In or Out of the Office: That is the Question. Or, is it?
Once again, the topic of returning to the office is back on the agenda. Several big name companies have declared everyone must return – ostensibly because they have “an office culture” (whatever this means). Others have reversed course or delayed their returns until further notice. CEOs are alternately applauded or vilified for their return to office decisions.
Most of the conversations about returning to the office reduce the decision to a binary question: will we be in or out of the office? Yet is this the right question? On its own, it certainly does not add clarity or help people to make decisions about when and how we return to the office.
I advise the CEOs I work with to think more strategically about this decision. In fact, in earlier articles, I identified questions CEOs should consider before saying “yes” or “no” to their return-to-office plan. For example:
1) What do you lose by not being together in person?
In other words: Of all the things you do to sustain and grow your businesses, what benefits most from being together? These are the things leaders must address, irrespective of if, when, or how they return to centralized offices. Read more here: When and How Do We Return to the Office?
2) What are the most important relationships for your business?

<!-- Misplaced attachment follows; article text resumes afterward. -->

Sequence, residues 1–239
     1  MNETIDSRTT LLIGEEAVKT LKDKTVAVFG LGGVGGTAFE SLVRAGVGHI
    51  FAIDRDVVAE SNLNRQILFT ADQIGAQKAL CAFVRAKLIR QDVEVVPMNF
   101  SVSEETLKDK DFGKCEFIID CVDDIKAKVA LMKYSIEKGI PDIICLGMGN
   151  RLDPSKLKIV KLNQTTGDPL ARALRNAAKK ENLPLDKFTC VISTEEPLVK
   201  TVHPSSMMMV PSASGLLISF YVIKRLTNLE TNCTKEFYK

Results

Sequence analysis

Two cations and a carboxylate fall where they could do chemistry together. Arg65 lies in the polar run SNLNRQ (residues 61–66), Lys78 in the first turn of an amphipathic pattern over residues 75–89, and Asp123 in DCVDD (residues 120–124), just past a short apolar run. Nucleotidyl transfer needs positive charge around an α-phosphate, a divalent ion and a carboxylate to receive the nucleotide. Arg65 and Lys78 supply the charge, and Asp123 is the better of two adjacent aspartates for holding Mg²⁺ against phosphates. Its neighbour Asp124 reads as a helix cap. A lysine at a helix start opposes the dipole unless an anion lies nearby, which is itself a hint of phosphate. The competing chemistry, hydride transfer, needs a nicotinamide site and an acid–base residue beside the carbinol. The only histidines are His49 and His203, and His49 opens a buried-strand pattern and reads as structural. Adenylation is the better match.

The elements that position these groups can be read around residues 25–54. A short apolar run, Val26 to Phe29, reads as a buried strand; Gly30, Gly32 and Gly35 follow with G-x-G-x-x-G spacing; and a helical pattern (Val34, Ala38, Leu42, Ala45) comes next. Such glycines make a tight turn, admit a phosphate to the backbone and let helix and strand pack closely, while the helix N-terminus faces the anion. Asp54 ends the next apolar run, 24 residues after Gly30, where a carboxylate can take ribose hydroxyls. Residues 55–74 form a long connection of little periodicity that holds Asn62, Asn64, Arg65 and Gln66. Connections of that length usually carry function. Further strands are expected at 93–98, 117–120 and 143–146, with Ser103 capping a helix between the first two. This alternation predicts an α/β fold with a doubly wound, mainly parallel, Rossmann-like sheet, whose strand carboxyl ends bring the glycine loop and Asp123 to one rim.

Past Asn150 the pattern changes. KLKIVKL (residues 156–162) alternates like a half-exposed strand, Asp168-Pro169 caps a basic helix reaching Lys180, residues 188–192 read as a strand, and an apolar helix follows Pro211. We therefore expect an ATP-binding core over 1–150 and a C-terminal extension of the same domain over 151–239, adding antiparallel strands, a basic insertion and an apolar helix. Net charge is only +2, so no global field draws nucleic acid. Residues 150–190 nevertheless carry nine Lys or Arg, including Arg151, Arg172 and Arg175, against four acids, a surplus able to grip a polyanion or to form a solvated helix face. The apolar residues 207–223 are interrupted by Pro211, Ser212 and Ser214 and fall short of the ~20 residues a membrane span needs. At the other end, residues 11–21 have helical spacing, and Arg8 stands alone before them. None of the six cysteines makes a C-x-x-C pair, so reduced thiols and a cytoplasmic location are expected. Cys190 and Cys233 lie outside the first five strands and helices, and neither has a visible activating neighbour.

Rethinking the office requires rethinking relationships. It’s about identifying not only which relationships matter most, but also understanding the role proximity plays in cultivating those relationships. Nearly everyone’s business context has changed. So what you once knew about relationships and the role of proximity probably also changed. Further, your answer to the question may not be the same as others’. Be sure to pose the question outside your organization as well.
3) What critical work outcomes do you need to be successful?
Work is no longer defined (or constrained) by a place. We exist in the ongoing paradox of getting things done without the benefit of direct connection, while simultaneously longing for serendipitous exchanges, casual interactions, and the community of shared time and place. Thus, real change for the office requires rethinking work and focusing on outcomes. Learn more here: The Future Office is Not About Place
Together, the answers – and perhaps more importantly, the conversations the questions elicit – illuminate what’s critically important to the organization to successfully achieve its objectives. They highlight the people, capabilities, and practices you must retain or support irrespective of your in- or out-of-office decision. This elevates the conversation and promotes a more strategic response.
In or out of the office: that is the question. Or is it?